Local history, attractions

Staple Bend Tunnel was the first railroad tunnel in the United States. It served the Allegheny Portage RR, a combined railroad and incline system that shortened the travel time from Philadelphia to Pittsburgh from three weeks to four days. Now part of the Allegheny Portage RR National Historic Site, the tunnel used to be closed except for special occasions but was reopened for public use in 2001.

Just west of the tunnel was one of the inclined planes that alternated with railroad tracks to make the Allegheny Portage such a distinctive transportation system. As cars came out of the tunnel, they were lowered on an inclined plane to the next railroad level below. Westbound traffic was brought by train to the foot of the incline, raised to tunnel level, and sent onward, pulled by the same engines that delivered eastbound traffic to the head of the incline. The incline originally operated with thick manila ropes, but these were later replaced with steel cables. The large concrete structure at the end of the tunnel is a later addition. It was built in the 1950s by Bethlehem Steel to control water flow in a pipe they had laid through the tunnel. When the incline was operating, the power plant was at about this location. So the tunnel is now in its third life.

Johnstown Flood Museum is operated by the Johnstown Area Heritage Association and tells the story of the 1889 flood—including the town’s triumphant recovery. It has many pictures of the before and after, a relief map showing the path of the flood and a reconstructed debris field. A documentary film about the flood is shown once an hour. The museum is 4 blocks from the Johns St trail intersection.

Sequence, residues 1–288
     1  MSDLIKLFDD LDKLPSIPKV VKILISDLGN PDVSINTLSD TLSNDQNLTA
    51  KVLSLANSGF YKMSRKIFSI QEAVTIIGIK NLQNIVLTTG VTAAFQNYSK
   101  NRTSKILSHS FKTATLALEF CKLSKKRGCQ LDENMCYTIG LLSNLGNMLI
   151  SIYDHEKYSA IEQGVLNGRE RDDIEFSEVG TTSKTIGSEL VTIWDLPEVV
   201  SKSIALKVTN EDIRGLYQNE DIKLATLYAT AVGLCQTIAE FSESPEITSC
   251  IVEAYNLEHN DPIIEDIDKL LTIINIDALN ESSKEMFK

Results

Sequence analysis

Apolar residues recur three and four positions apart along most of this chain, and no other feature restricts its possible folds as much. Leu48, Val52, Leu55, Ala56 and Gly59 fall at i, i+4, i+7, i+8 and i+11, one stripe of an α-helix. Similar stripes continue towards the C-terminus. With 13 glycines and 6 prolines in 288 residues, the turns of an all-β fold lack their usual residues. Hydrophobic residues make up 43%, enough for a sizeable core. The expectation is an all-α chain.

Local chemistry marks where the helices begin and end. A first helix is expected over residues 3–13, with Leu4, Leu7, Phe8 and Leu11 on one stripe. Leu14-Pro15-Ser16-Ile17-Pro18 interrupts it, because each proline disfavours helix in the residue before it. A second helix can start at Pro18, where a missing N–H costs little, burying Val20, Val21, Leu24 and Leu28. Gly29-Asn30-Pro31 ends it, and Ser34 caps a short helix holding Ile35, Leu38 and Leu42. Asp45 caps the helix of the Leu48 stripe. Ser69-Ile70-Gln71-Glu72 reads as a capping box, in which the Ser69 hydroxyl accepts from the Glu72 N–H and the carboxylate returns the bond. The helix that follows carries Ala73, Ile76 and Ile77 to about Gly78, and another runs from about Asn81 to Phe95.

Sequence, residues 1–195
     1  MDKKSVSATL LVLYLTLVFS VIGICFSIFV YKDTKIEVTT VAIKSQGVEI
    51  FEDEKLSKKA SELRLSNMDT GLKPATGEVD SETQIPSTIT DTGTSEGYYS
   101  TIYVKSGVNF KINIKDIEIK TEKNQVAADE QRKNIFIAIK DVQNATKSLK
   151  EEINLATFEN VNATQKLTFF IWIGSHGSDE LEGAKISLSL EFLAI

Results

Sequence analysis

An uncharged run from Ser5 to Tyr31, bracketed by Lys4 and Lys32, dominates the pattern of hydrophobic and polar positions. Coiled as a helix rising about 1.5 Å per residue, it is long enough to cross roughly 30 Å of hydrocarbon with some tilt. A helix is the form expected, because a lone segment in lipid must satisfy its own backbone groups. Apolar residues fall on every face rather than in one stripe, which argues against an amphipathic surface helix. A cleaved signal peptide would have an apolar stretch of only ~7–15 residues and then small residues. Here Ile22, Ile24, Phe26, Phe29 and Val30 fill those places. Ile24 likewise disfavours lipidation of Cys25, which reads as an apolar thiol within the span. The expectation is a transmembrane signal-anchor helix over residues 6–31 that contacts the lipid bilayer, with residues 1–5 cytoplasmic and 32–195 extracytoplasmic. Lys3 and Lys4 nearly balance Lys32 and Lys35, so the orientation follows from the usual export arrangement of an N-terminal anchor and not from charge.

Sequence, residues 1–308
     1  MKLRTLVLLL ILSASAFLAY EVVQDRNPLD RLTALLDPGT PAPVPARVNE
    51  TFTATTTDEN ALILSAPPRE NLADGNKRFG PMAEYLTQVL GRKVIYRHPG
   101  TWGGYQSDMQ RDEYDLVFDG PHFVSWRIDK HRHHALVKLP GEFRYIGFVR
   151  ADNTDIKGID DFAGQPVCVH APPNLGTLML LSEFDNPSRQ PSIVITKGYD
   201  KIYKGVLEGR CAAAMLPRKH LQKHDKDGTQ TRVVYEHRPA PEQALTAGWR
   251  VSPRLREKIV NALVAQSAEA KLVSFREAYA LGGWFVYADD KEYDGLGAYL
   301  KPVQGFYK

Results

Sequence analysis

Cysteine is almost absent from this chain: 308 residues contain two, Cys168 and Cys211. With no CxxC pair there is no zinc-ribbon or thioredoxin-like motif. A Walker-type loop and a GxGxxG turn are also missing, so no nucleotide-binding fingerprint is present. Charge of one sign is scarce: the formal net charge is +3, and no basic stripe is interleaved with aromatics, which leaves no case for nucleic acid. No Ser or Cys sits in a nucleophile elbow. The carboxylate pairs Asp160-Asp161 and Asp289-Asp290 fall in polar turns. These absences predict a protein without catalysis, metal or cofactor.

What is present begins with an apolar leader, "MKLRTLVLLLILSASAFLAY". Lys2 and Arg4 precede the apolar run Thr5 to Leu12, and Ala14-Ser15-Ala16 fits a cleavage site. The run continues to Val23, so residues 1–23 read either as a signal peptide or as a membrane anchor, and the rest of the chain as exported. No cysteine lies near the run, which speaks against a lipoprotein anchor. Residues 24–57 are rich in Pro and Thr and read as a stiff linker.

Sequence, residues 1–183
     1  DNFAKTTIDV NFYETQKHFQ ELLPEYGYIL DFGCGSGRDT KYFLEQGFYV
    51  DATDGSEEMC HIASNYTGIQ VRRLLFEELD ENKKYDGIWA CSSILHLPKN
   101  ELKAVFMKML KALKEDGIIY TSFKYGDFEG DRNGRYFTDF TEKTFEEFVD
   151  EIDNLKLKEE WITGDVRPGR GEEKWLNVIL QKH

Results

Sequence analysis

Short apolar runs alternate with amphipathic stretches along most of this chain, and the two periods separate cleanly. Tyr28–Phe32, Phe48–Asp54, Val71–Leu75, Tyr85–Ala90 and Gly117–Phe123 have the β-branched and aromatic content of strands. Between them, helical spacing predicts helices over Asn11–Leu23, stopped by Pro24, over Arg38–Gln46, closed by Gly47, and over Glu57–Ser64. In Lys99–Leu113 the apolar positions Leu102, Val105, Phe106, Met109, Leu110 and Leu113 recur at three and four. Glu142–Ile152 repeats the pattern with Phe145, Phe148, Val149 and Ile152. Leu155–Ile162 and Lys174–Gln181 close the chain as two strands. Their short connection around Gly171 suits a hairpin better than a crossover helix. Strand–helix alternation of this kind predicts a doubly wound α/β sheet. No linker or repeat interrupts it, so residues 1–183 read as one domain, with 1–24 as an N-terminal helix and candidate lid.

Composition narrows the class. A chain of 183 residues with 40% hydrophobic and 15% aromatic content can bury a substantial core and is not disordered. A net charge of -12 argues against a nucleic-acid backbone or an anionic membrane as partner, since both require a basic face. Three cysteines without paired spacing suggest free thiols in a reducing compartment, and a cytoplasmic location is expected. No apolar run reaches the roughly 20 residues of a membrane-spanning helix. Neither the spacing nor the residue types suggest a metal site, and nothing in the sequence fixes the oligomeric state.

Johnstown Incline Plane opened in 1891 to carry people, horses and wagons to the new hilltop community of Westmont. It is about 900 feet long with a steep 70.9% grade. It is the world’s steepest vehicular inclined plane and still today takes automobiles up and down. It is 5 blocks from the Johns St trail intersection.

Extensions of the ride

The next segment to the west along the IHTC Pittsburgh to Harrisburg Corridor is the Ghost Town Trail (page NE-217). The route is not yet established, so the length is uncertain. Various road routes between the two trails are 8 to 13 miles.

The next segment to the east along the IHTC Pittsburgh to Harrisburg Corridor has not yet been determined.

The September 11 National Memorial Trail follows this trail from Johnstown to Ehrenfeld. The continuation in both directions of the Memorial Trail is on roads.

The Jim Mayer River walk Trail is a short (1.5 mile) trail along Stonycreek River abut two miles south of Johnstown.

East portal of Staple Bend Tunnel

Development plans

There are hopes to shorten or eliminate the on-road section through Johnstown by following the river bank.

The Urban Johnstown Connection Project is also improving connectivity to the Jim Mayer River walk Trial through a combination of on-road signage and new trail.

The on-road section in Mineral Point will probably be there for a long time because the route descends from one side of the valley, crosses the river, and climbs up to the railroad grade on the other side.

Access points

Vicinity: Directions begin as the intersection with US22 and PA403. To reach this point from Pittsburgh, go east on US22.

For the Roosevelt to Jones St Trail section, there is no official trailhead. Either park on some side street or at the Johnstown Flood Museum.